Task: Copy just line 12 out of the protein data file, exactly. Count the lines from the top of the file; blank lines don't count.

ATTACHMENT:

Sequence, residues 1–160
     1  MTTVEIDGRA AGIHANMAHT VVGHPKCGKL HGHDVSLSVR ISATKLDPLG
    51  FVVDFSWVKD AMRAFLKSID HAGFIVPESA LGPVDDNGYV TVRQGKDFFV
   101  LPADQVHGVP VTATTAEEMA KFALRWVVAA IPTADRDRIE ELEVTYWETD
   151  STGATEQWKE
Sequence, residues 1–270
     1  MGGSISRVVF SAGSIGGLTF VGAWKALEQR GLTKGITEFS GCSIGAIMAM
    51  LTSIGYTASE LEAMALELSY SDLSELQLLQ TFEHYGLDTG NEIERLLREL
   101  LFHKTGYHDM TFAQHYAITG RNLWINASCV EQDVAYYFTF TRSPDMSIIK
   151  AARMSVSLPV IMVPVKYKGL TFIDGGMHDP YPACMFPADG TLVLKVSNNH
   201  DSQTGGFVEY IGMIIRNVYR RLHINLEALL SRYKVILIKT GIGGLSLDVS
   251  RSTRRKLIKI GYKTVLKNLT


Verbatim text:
   251  RSTRRKLIKI GYKTVLKNLT